I personally never calculate an angle like that. I like to work with vectors, it might be slightly less efficient but this way you can do it step by step, it gets more readable and easier to understand.
So what is a vector? A vector is essentially a direction and a magnitude together. Often in games it is used as a position data structure too but essentially a
Vector(10,10) is vector pointing north east with a magnitude of
So what can we do with a vector? We can calculate direction, velocities, angles and more in 2D or 3D space. LibGDX does most of the math for you. You just have to know a couple of basic Vector rules to get the result you are after.
So let's first start by rotating your arrow.
//We need the origin of your arrow we will be rotating around and calculate the direction with.
//We need to mouse position to rotate the arrow to.
We can create a rotated vector between the points by subtracting the origin from the target.
Vector2 direction = mousePosition.sub(arrowOrigin);
We now have the direction from arrowOrigin to mousePosition. If you want to know the angle of the arrow to point to your mouse all we need to do is:
float angle = direction.angle(); // Angle in degrees from -180 to 180
Now we can use the direction vector to move your arrow towards the mouse. But remember when I said a vector is a magnitude as well? Currently that angled vector stretches has the same length as the distance between the two other vectors we got direction from. So if we add
arrowOrigin it would be instantly be on top of the mouse pointer. We can deal with this by normalizing the direction and make the total magnitude of it
We can still use this vector for our rotation since nothing has changed there. If we a origin of
0, 0 and a target of
10,10 the previous direction vector would have been
10, 10. what we just did is shrank the length of it to 1 by maintaining it's rotation. If we do this to all our vector movement we have a equal starting magnitude of 1.
Now let's make a velocity vector. At this time I have to warn you about how LibGDX deal with vectors. A vector is passed by reference by default and it's methods will work on the method itself. So if you do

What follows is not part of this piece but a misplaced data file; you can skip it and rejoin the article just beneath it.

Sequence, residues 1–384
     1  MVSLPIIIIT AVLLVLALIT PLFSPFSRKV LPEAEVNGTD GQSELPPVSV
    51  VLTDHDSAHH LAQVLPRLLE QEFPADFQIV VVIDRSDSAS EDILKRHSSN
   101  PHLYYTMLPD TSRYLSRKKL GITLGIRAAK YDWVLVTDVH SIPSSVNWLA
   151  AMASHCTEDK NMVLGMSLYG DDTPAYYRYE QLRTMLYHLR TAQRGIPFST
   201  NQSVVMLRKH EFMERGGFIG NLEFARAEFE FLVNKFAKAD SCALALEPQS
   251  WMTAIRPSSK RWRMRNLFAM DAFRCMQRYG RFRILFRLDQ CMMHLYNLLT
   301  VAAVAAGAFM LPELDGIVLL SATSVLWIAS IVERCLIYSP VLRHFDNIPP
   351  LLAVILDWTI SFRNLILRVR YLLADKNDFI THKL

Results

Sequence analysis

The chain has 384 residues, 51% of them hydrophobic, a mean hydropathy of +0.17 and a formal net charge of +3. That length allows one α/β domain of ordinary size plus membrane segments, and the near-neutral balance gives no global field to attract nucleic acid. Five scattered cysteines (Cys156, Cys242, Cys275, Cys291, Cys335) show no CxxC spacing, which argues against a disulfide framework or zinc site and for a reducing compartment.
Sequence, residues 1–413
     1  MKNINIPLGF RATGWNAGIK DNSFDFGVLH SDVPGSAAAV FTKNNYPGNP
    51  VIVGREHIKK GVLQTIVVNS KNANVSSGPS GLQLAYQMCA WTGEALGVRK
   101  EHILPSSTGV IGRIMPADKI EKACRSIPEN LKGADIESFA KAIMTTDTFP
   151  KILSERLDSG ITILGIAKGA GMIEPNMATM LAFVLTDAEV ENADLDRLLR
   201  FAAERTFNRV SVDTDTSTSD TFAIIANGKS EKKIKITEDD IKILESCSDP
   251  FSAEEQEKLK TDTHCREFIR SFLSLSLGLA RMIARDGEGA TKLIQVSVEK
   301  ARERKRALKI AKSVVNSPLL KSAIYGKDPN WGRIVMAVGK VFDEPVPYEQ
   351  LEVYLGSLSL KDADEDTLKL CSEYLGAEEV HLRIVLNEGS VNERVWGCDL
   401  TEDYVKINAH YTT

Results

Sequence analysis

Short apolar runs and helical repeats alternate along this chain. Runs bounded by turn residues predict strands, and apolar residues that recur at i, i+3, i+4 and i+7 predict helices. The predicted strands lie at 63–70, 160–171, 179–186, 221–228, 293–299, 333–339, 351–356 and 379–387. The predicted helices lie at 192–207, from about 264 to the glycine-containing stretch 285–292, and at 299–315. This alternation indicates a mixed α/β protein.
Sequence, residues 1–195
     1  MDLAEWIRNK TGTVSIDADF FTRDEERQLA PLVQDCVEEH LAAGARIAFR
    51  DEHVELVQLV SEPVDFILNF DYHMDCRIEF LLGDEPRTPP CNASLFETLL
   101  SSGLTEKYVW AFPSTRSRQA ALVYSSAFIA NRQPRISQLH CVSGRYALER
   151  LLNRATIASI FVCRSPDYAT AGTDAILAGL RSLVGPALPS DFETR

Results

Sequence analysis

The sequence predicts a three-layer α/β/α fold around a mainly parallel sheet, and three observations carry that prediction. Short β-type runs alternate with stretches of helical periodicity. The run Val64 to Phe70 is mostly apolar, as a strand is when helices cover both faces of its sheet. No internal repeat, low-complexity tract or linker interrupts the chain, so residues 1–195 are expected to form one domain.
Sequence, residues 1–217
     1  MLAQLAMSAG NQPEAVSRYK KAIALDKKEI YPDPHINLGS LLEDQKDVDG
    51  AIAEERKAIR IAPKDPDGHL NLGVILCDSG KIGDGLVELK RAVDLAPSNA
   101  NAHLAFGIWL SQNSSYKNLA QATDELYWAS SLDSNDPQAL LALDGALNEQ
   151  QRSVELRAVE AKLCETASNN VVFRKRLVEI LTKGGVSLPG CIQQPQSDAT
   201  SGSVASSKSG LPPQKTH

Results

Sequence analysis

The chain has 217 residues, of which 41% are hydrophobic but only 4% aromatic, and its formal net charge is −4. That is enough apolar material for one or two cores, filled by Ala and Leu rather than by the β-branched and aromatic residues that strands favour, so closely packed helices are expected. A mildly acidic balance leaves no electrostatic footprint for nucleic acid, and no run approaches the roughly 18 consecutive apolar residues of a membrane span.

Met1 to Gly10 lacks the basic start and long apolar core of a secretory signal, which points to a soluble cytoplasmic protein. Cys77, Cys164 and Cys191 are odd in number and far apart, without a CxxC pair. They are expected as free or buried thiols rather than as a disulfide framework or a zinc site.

velocity = direction.scl(100); Then not only both velocity and direction have been scaled by 100, velocity is just a reference of direction. If there is something strange going on 99% of the time it's because of this. It gave me headaches when I started out with LibGDX. But luckely, we can just copy the vector.
float arrowSpeed = 10;
Vector2 velocity = direction.cpy(); //created a copy
velocity.scl(arrowSpeed); //scaled vector by the arrow speed
arrowOrigin.add(velocity); //Now move our arrow with the created velocity
I know it's a long wall of text and you didn't ask for it but as you can see. it are really just a couple of lines of very understandable code. Since Vectors in LibGDX make use of chaining methods you can even shorten all this.
// subtract normalize/scale
velocity = mousePosition.sub(arrowOrigin).nor().scl(arrowSpeed);
angle = velocity.angle();
Now if you actually start adding velocity to your arrow it is important to know when to stop. If you are inventive enough you can calculate it yourself with the information I gave you, it's fairly simple. But why bother, LibGDX took care of everything.
float distanceToTarget = arrowOrigin.dst(mousePosition);
if (distanceToTarget <= speed)
//We have or almost arived on our destination.
//We might want to set out arrow to it's destination
I love to work with Vectors this way so whether you use this or not, I hope you learned something from it.
I have created a very basic program for you that does what you want. Get it from github:
The readme shows how to make it work.